Trade candidate: Sean Manaea

This is part two in a series examining the top trade candidates for Oakland. Last week we looked at Matt Olson, and this week it’s Sean Manaea’s turn.

Ever since coming over from the Kansas City Royals in exchange for Ben Zobrist, Sean Manaea has had high expectations foisted upon him by the fanbase as it hoped he would be one of the next leaders of a future playoff team’s pitching staff. Fast forward six years later and the fanbase is getting itself ready to say goodbye to the rare pitcher that actually spends more than half a decade in the Green & Gold. With only one final, expensive season of arbitration left under team control, Sean Manaea might be the most likely starting pitcher to be dealt by the A’s this offseason. If that happens, it will cap what many A’s fans can call an overall successful tenure by the Baby Giraffe in Oakland, from growing before our eyes to the no-hitter in 2018 to helping the A’s reach the postseason three times in a three year stretch.

With Manaea only under team control for one more season at roughly $10MM, he might have more interest from some teams than Montas or Bassitt, who would command much larger packages based on their better performances and extra season under contract. Here are the top teams that are most likely to make a play for the Throwin’ Samoan:

Angels: With the Angels reportedly aiming for the top of the market in free agency, their interest in Sean Manaea might come down to how well they did in luring one of the big arms to Los Angeles. Should they bring in Scherzer, Ray, or Stroman, the Angels might turn their attention towards other roster needs after they’ve quietly built up a decent crop of back-end rotation arms. If Los Angeles fails yet again to bring in a top free agent starting pitcher, it’s practically assured they’d turn to the trade market immediately, likely calling the A’s about all their starting pitchers, including Manaea.

Blue Jays: This Toronto team has enough offense to withstand a possible departure of former Oakland A great Marcus Semien, with reports indicating they are more likely to try to retain stud lefty Robbie Ray than Semien. Should the Blue Jays miss out on bringing Ray back for what’s expected to be an exorbitant amount of cash, Manaea would be a nice, cheaper consolation prize that could slide in right behind Ryu and Berrios in a rotation that lacks experience after the top two.

Red Sox: With the departure of Eduardo Rodriguez to the Detroit Tigers, Boston’s rotation is looking thin at the moment behind Chris Sale and Nathan Eovaldi. Not only would Sean Manaea help stabilize the middle of the Boston rotation, he’d be an improvement over Rodriguez, who had an inconsistent 2021 at best. While Boston still has left-handed ace Chris Sale atop their rotation, they stand to lose two other left-handed starters in Rodriguez and Perez, neither of whom were great in 2021 but offered a decent left-handed starting option. With the other starting options currently on the roster right-handed, adding a lefty like Manaea would improve their rotation, maintain the balance last year’s rotation had, all while keeping a little wiggle room to add another free agent or two. The one wart that might keep Boston from seriously considering a run is Manaea's awful track record in Beantown: a 15.70 ERA in just 14 1/3 innings.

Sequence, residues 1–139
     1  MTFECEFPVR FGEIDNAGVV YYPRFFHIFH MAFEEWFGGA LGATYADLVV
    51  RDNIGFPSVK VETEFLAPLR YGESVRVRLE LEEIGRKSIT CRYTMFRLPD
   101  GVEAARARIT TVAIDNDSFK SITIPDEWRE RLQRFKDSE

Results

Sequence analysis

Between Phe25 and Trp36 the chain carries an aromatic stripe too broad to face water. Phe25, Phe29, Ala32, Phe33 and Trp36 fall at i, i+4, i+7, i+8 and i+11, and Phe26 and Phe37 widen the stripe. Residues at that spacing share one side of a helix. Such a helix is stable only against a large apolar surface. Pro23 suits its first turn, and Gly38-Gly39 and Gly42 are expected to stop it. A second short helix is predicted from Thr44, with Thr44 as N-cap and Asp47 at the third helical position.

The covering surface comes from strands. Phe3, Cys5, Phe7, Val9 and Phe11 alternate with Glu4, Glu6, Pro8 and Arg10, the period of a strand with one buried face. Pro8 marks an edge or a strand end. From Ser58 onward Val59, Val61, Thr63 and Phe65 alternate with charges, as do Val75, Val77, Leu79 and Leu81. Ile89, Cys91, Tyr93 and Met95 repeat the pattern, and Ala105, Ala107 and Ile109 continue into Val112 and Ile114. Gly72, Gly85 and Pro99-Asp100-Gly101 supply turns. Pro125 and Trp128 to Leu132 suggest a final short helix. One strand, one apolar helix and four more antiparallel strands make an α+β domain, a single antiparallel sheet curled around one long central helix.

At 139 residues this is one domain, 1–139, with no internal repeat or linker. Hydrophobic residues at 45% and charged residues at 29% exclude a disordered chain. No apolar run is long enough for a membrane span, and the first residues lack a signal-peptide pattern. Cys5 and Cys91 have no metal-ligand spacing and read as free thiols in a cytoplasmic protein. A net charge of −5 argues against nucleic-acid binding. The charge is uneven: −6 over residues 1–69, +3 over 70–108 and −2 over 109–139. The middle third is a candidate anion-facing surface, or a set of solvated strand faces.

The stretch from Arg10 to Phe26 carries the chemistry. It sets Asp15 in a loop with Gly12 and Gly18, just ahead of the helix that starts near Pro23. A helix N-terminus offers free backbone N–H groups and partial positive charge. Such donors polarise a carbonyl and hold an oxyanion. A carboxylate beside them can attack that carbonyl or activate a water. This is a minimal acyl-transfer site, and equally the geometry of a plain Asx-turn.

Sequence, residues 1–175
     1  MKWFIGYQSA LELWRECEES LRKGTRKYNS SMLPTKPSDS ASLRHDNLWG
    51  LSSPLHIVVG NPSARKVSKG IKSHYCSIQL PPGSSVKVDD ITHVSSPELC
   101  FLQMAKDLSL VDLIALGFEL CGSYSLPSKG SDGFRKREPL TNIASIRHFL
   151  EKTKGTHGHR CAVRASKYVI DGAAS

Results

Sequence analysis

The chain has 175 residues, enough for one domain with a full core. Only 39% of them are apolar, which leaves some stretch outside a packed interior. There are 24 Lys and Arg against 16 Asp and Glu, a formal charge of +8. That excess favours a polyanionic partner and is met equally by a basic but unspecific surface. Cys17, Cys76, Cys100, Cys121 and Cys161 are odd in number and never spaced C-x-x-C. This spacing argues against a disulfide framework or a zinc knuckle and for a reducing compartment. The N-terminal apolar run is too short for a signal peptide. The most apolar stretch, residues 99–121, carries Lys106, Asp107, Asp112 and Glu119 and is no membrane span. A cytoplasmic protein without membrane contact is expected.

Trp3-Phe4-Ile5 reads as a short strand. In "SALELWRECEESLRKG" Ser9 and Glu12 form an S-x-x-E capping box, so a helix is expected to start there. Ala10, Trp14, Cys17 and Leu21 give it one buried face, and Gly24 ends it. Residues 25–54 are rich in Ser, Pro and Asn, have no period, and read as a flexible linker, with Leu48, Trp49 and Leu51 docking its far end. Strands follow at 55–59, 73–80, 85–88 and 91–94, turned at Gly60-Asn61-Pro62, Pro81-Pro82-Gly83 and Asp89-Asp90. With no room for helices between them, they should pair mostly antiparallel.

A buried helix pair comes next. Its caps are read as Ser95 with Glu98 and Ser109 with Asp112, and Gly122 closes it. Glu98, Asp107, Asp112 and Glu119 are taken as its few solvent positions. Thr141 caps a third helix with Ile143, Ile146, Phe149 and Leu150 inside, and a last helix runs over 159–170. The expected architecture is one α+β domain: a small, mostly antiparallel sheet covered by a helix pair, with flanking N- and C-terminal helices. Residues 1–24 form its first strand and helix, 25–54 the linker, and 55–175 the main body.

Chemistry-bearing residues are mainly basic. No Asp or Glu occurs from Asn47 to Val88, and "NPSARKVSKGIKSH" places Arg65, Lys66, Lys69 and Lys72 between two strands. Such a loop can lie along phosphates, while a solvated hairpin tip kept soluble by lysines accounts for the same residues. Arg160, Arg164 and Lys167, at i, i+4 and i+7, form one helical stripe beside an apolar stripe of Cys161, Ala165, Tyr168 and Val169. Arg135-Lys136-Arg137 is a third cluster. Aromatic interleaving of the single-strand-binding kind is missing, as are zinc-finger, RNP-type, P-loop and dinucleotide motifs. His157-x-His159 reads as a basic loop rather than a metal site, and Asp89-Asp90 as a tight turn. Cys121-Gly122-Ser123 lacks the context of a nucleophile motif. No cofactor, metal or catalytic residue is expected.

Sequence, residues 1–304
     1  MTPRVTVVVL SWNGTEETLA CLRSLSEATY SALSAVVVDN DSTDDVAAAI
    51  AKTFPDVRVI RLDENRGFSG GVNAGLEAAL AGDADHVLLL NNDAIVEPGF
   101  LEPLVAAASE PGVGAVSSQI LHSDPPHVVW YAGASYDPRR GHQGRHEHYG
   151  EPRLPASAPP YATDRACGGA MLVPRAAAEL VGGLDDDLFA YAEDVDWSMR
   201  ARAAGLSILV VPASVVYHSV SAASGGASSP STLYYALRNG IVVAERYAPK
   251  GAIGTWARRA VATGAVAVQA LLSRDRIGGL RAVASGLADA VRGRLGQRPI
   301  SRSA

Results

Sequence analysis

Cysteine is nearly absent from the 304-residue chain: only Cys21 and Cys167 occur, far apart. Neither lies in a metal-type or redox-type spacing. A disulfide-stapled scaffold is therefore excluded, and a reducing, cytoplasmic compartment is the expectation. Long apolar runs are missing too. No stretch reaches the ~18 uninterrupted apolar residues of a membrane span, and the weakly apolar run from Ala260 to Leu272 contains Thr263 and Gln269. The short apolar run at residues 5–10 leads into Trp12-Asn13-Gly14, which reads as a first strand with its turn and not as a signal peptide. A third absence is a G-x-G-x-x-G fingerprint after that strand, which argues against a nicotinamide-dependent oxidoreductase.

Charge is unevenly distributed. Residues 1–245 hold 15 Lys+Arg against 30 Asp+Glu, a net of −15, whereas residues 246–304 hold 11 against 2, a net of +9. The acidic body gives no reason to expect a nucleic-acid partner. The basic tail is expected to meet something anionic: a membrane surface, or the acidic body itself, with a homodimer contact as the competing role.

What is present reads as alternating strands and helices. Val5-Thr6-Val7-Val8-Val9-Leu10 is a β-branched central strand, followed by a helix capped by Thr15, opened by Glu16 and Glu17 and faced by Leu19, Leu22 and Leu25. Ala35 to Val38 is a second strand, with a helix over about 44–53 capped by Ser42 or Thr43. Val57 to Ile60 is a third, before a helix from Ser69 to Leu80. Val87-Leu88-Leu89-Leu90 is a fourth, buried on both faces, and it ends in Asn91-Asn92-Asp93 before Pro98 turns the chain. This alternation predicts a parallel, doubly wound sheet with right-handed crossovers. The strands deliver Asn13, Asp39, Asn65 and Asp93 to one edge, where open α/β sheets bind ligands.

Dodgers: Between the Trevor Bauer situation, Trevor May’s recovery from Tommy John, David Price’s undetermined role, and Scherzer and Kershaw’s foray into free agency, Los Angeles is reportedly on the lookout for more starting pitching. The Dodgers are unique in that they’re already right up against the luxury-tax threshold, yet history shows that they’re one of the few teams that doesn’t mind going over it multiple years in a row. Should the Dodgers let Scherzer and Kershaw walk, don’t be surprised if Los Angeles comes calling about Manaea to be their #4 starter.

Yankees: With the rotation looking shaky at best after Cole and Montgomery, New York will likely be looking for more affordable starting pitching options than the likes of Scherzer or Ray and instead allocate resources throughout the mid-to-backend of the rotation. That might make someone like Manaea, who is projected to make roughly $10MM, a more affordable option for a team reportedly preparing to add an expensive shortstop and press close to the luxury tax. Interestingly, Manaea also has a small-sample history of success in the Bronx, having pitched to a 1.04 ERA in 17 1/3 innings.

Darkhorse- Giants: This might be the biggest long-shot because of the sparse trade history between these two franchises, but with the Giants needing to fill 80% of their rotation heading into the winter and San Francisco President of Baseball Operations Farhan Zaidi’s connections to Oakland leadership, it’s not entirely impossible to imagine the teams at least engaging. With lots of payroll commitments coming off the books for the Giants recently, there’s actual money to spend on the other side of the Bay Area, and they might use their financial resources to bring on Manaea to help fill out their rotation and prepare to defend their division crown from the still-dangerous Dodgers.

Next up: Matt Chapman